First Nations say they weren't consulted on legalized cannabis plan
When cannabis becomes legal next July, only people 19 years of age and older in Ontario will be able to buy it at government-run retailers.
That's the plan in a bill currently making its way through Queen's Park.
However, First Nations say the proposed legislation makes no mention of them, and they say they should be the ones to decide how sales will be controlled on reserves.
Isadore Day, Ontario's regional chief, says it's not clear how the new pot law will apply to First Nations.
"There was very little inclusion of First Nations in the development of the bill, very little consultation," he said.
"Although we knew, there was no real engagement from the Ontario government, so therefore once introduced, as a result of the rapid pace by which it was moving through the federal ranks of legislation, we simply were rendered not ready for this."
Day says he believes First Nations should be part of the legalization process.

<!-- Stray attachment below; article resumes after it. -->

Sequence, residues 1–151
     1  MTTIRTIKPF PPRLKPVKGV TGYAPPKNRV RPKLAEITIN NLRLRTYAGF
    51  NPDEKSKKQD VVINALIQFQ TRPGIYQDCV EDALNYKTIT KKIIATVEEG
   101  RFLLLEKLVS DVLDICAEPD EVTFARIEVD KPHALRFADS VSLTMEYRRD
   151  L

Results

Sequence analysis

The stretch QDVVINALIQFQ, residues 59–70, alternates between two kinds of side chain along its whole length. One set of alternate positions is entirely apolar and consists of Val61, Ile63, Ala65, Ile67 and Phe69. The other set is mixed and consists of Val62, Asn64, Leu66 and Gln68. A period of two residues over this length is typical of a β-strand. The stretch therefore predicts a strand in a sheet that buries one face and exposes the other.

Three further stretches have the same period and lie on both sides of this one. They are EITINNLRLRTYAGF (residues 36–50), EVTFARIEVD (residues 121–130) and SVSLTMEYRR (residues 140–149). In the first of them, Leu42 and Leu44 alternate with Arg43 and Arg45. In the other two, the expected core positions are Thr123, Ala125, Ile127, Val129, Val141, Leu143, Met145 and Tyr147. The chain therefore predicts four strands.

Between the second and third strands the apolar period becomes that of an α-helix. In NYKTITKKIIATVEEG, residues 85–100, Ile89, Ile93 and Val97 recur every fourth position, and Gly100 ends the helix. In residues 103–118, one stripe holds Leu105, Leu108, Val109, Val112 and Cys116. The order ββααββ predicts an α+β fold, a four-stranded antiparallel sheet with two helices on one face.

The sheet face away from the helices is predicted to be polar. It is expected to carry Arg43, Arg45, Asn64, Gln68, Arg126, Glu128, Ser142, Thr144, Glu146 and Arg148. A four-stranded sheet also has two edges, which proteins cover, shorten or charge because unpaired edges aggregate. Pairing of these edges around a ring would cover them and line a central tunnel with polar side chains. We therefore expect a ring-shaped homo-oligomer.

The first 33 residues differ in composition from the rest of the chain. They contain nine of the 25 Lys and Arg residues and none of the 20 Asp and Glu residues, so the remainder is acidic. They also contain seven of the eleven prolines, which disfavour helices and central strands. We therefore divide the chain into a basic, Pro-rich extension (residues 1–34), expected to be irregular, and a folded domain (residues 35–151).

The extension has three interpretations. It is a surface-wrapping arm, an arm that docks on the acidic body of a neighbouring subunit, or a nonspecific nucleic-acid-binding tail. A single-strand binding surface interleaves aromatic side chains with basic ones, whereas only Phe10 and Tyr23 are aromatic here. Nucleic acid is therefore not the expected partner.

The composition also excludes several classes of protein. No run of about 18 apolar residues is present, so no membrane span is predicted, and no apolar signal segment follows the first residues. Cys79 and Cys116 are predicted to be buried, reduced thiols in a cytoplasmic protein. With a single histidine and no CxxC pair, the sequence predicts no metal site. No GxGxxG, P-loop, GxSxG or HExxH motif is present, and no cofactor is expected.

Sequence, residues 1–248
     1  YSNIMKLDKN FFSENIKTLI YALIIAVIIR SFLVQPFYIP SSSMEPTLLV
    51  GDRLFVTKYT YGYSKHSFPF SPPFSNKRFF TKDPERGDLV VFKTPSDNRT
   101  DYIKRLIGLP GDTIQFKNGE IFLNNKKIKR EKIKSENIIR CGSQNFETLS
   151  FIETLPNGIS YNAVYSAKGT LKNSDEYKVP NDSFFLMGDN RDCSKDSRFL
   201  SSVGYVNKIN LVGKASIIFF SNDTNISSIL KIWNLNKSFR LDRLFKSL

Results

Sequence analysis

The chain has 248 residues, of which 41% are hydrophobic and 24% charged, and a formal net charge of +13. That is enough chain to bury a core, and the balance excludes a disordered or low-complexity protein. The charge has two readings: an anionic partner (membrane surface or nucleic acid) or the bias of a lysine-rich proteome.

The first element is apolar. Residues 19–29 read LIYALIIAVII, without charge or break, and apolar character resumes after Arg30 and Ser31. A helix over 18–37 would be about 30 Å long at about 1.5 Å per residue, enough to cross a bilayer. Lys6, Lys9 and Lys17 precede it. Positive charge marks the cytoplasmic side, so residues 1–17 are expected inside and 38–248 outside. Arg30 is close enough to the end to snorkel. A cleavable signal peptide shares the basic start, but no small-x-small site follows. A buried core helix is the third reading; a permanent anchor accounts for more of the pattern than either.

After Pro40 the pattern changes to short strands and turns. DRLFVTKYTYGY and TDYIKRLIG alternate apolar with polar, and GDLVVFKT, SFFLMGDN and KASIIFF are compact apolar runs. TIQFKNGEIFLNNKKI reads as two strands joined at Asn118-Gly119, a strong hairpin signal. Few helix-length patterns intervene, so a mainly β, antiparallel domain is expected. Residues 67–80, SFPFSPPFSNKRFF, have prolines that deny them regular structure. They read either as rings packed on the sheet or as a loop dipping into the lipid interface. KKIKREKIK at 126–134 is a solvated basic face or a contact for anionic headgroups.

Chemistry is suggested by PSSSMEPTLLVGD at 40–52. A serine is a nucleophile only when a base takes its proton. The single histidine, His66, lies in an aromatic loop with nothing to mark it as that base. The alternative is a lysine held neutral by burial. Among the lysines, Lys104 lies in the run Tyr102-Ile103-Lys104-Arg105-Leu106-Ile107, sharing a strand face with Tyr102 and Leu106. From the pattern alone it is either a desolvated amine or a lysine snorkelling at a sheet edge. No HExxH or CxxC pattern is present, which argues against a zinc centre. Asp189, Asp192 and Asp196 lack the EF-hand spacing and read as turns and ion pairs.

"Every First Nation community has the right to choose and because the province didn't include us in the front end, there's no existing framework for us now going forward," he said.
"This really will be a logistical nightmare for the province to sort that out now, because there are dispensaries in the communities now."
Day says he's been in talks with Ontario Attorney General Yasir Naqvi to figure out how the new law impacts First Nation communities.
He adds he believes both the provincial and federal governments are rushing legislation through.
With files from Waubgeshig Rice